To enter into a vull detail of modern times. paid great attention. the means, by which this culture “ Independently of their theologi. of the heart may be advanced, cal ment, which should have great would be foreigu from the nature weight with you, in explaming and design of this address. It the doctrines of natural and re. will be
obvious that devotj. vealed religion and throwing light onal exercises are in this view of on passages of scriplure, we shall main service; and ought to be scarcely any where meet with a attended to with regularity, con. richer treasure of practical obser. stancy and fervour.
vations, and with reflections on life It will be highly beneficial, as and manners, that are better cal. it is indeed, the genuine and proper culated to improve the understandemployment of the Lord's Day, ing, mend the heart and regulate to give it to your religious and the conduct.” moral improvement. Desirable, The great and amiable Dr. as on some accounts it may be, to Doddridge is said, when an aca. avail yourself of the opportunity, demical student, io bave laid it it may afford, to hear the most down as an inviolable rule. (and celebrated preachers and eminent * Dr. Kippists “Life of Sir John models of pulpit oratory; yet, Pringle,” P: 75, 76, prefixed to his“ Sis
herein, says his biographer, he you must consider yourself placed was an excellent model for stue in a select society, where there is dents) to read some practical more virtuous restraint felt, and divinity every day. If you pay a more purity of manners preserved, constant regard to the culture and than you will find in any circle improvement of your mural and of the same number, taken indis. religious character, you will find criminately from the world at nothing more serviceable, in this large. It may be added, that respect, than the chapter on "The the authority under which you Rule of Life,” in Dr. Hartley's are placed, is an authority, the Theory of the Mind. It abounds exertions of which are particuwith philosophical observations larly directed to lavour virtue and and deep reflections, which can. religion : and it acts with a more not fail strongly to affect the powerful and engaging force, beenlightened reader, and with im- cause it is exercised by those who portant directions, that will greal. would not have been called to the ly assisi virtuous attainments. posts they fill, had not their own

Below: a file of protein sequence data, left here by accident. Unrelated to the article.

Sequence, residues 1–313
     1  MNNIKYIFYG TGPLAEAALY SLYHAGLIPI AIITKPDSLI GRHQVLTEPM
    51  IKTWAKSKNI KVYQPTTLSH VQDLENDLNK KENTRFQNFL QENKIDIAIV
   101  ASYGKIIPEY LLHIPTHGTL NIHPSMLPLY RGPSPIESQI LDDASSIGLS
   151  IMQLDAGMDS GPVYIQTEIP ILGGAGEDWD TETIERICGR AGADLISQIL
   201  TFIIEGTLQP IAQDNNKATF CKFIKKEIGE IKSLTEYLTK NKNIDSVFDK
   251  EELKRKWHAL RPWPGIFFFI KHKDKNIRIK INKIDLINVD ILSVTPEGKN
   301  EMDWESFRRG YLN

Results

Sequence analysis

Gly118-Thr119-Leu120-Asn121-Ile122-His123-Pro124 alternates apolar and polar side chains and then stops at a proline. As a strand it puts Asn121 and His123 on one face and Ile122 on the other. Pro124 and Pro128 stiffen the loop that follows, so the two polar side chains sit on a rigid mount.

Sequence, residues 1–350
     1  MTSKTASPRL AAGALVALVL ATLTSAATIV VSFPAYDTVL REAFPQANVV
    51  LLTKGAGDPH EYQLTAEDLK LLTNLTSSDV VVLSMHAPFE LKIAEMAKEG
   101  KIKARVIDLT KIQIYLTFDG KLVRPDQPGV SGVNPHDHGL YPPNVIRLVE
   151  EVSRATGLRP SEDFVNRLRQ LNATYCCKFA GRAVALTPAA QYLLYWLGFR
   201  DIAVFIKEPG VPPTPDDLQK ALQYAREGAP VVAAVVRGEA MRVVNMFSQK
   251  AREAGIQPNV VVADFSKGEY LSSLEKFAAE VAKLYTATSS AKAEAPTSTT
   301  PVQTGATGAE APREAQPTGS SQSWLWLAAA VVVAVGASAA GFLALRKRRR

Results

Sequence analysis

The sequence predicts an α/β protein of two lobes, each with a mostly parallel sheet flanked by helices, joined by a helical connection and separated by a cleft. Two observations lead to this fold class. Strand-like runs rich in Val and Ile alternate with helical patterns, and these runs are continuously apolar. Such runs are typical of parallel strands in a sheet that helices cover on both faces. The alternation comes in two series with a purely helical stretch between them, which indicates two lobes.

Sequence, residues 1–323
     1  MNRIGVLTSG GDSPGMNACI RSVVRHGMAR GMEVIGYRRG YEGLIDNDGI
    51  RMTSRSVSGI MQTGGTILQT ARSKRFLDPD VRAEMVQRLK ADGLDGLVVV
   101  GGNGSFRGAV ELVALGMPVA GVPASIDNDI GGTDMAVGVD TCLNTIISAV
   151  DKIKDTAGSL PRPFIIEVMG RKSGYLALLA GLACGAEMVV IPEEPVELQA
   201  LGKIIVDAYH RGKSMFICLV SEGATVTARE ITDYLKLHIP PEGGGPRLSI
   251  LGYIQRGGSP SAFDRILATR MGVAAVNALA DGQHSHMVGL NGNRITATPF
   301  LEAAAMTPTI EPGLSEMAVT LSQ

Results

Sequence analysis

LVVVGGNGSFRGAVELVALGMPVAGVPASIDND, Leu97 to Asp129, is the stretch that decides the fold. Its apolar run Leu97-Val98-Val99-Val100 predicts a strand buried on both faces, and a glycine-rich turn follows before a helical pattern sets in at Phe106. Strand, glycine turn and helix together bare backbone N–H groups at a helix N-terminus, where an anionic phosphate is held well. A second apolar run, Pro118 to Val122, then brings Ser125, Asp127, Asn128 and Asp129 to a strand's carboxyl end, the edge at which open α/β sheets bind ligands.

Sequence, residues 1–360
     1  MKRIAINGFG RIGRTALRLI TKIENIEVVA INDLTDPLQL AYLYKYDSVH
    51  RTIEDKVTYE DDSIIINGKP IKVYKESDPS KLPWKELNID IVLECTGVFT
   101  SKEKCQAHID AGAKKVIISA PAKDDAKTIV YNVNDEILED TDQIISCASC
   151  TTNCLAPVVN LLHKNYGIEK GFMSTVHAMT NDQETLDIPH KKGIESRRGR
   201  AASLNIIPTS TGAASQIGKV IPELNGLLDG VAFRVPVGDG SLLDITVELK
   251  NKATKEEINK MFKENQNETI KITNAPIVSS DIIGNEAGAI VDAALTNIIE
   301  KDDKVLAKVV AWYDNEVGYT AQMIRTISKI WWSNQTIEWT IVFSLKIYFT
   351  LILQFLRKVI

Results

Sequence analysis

Be it, indeed, your chief study moral character stood fair, and to seek virtue; to follow after even high, in the estimation of rightevusness; you will not be at the public. a loss for means to gain the end. So propitious is your situation The great point to be carried, is to virtue, should a youth educated to engage you to make this your in it, though not destined for the principal object, and to leave on ministry, turn out, not to say a the mind a deep impression of the vicious character, but merely inimportance of attending to it different to piety, and not a proamid-t the fascinauons of youth. ficient in virtue, every one will In that period of life the heart is say, that he shews himself very very susceptible of impressions, unworthy of the advantages and either good or bad: the character culture which he has enjoyed. begins then to form and settle for But this, my Eugenius, will not lise: and no future staye of your be your dishonour and shame. existence, probably, will be more favourable, or so favourable, to Quaker Ministers. the acquisition of good dispositions
London institution, as is your present. The discipline
16, ix. 1812. of the seminary, where you are, There are not many, if any, pesecludes you from many snares and riodical publications, on our table, temptations; the studies, in which which it gives me greater pleayou are engaged are ail mental sure, from time to time, 10 peruse, and innocent; and most of them 'than thy Monthly Collection. have a good moral tendency : you
Oh! it is important to humanity are led, in the course of them, to that the persecutor be exposed, converse with moral writers, to however sanctimonious may be contemplate the best characters, the mask wherewith his Gehennic and to study the great command- visage is concealed. My soul ing principles of natural religion sickens in reflecting on the case of and revelation. After every al. Servetus ; and, scarcely less so, lowance for the difference in cha. in remembering hiw the fond racters amongst those around you, hopes of the excellent Boerhaave